Weights and steroids are very closely linked- steroids don’t just magically make people muscular, they just assist recovery time and increase muscle gains from workouts. A steroid culture wasn’t really possible till ballplayers started pumping a lot of iron (although they were taking a lot of other drugs, like greenies and cocaine).

    43. tadthebad said...

      This is sad.  And I would have thought that “anonymous” testing meant no names or bar codes or other information allowing test results to be credited to specific players.  If it’s anonymous, why take a name?  Not that there was a great history to begin with, but how could the players ever trust anything endorsed by the owners or Commissioner’s Office again?

    44. Rob M said...

      Let’s just give it a rest now. I know his name is on the list but who else is on it?? Everybody is so ready to judge, but he was tested when te league had not established their substance abuse program!! Now move on, It’s what he does this season that is what’s important, not what he did FIVE! years ago. A-Rod needs to move on just as we all should because no matter what he’s gona get heat anyway if he doesn’t produce this year.

    45. Tom said...

      I am a HUGE Yankee fan. Yes this sucks for us and all of baseball, BUT you know what , whoever leaked this should go to jail. These were supposed to be a secret. If you are going to leak names then leak them all.  why should these guys only be singled out? As far as HOF well lets see what Arods numbers are since STEROIDS are banned. If he tests POSITIVE while Steroids are banned then yes he shouldn’t be in the HOF but if he doesn’t test positive then i think he deserves to be voted in.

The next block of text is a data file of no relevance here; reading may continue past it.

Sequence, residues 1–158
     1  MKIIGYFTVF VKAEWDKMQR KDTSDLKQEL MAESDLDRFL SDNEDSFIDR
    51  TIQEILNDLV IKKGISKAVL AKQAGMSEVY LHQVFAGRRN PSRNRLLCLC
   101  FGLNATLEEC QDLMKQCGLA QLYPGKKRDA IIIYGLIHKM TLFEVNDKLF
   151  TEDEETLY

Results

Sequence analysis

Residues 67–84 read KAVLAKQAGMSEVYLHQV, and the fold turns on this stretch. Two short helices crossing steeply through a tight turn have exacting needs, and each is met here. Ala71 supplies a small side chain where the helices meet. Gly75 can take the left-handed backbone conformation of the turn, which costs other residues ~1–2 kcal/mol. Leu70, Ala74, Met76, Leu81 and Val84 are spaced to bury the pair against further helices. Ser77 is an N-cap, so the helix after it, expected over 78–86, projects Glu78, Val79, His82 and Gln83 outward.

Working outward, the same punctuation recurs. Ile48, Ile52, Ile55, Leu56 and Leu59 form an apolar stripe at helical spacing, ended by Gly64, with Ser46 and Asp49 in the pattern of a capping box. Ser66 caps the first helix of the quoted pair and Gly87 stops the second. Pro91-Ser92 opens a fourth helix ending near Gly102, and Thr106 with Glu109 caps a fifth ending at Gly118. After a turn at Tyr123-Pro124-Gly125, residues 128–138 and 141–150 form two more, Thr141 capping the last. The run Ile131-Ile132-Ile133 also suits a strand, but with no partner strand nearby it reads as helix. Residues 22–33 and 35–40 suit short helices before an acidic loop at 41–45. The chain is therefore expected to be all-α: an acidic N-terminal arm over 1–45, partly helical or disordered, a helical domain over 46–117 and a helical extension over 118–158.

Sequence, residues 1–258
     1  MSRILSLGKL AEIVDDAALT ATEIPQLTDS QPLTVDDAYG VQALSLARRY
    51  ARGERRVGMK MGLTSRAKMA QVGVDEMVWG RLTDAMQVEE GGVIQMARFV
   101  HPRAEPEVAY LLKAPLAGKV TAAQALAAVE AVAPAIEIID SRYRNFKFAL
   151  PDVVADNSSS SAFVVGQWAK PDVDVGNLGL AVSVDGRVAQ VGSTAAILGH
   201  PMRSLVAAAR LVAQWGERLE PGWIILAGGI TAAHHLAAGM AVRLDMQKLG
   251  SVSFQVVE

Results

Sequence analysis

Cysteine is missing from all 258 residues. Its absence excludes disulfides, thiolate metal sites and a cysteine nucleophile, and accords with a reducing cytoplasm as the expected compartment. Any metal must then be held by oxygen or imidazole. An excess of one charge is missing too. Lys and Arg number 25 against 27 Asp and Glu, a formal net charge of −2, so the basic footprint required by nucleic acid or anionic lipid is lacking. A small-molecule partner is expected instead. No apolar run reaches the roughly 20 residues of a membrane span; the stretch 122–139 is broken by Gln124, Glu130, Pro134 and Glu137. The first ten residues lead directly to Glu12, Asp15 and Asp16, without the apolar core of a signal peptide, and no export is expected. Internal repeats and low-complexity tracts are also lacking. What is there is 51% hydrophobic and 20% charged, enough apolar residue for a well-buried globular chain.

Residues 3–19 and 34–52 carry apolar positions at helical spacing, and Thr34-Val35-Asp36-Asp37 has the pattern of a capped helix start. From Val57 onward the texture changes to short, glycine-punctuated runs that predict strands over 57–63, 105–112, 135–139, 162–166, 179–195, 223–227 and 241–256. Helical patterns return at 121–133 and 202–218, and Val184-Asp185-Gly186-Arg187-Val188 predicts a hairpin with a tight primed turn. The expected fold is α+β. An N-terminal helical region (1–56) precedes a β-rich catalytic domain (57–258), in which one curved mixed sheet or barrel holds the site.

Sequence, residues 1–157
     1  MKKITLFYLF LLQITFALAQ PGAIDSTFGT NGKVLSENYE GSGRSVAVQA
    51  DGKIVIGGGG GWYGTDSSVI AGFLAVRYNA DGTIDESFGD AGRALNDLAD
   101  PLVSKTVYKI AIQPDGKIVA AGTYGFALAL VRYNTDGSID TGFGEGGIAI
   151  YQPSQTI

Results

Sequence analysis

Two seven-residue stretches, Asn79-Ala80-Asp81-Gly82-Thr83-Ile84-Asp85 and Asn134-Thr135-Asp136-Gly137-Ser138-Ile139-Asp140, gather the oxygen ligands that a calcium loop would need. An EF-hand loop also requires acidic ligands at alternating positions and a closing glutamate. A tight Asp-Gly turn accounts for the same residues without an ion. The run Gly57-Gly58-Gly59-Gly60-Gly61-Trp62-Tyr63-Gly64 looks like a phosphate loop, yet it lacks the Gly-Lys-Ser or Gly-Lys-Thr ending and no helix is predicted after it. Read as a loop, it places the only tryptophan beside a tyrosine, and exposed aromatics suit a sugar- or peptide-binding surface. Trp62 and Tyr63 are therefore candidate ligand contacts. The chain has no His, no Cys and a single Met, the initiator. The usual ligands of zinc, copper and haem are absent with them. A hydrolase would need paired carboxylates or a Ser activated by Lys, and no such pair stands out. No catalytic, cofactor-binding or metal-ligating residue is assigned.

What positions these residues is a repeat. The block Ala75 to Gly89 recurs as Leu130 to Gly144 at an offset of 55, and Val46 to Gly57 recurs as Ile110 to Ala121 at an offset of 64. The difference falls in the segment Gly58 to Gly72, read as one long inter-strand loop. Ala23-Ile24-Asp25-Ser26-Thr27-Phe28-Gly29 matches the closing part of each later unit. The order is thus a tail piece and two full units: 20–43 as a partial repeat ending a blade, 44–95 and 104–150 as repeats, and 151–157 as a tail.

46. Veto F. Roley said...

      Alex Rodriquez has been accused of taking steroids. And, once more, the real villain in the steroids era is getting a free pass. The real villain is not the players who used steroids, but the sport that made them use the drugs. The real villain is Major League Baseball.

      Some might say that Baseball did not hold a loaded gun to the player’s head. While this may be technically true, Baseball did hold something that was nearly as powerful as a loaded .45 automatic. Knowing their players were very competitive, or they would never made it through the rigors of the Minor League process, Baseball held to the player’s heads both their current and historical places in the game.

      Sports don’t ban drugs to stop those who have no consciousness concerning rules and regulations. In any sport you will always have players like Bill Romanowski, players who search for any advantage even if it comes in the form of a pill. Perfect drug policies combined with perfect drug testing will still find these players looking for a way around the rules. So, then, no drug policy will prevent these players from using illegal drugs. At best drug policies merely provide a way to remove the cancer from the game if the unethical player is caught.

      Most players, though, respect the game. And most players play the game within the ethical guidelines and rules set forth by the game’s governors. Baseball players, in this respect, are no different. What drug policies do is give the ethical player the option to say no to illegal drugs. Yes, the Romanowski’s of the sports and baseball world will try for a competitive advantage through methods proscribed by the rulebook. But players like A Rod, Roger Clemens and many others caught up in Baseball’s steroids scandal, would be able to say no, knowing the unethical player will be caught and knowing they will not be put in a competitive disadvantage by not using the illegal methods.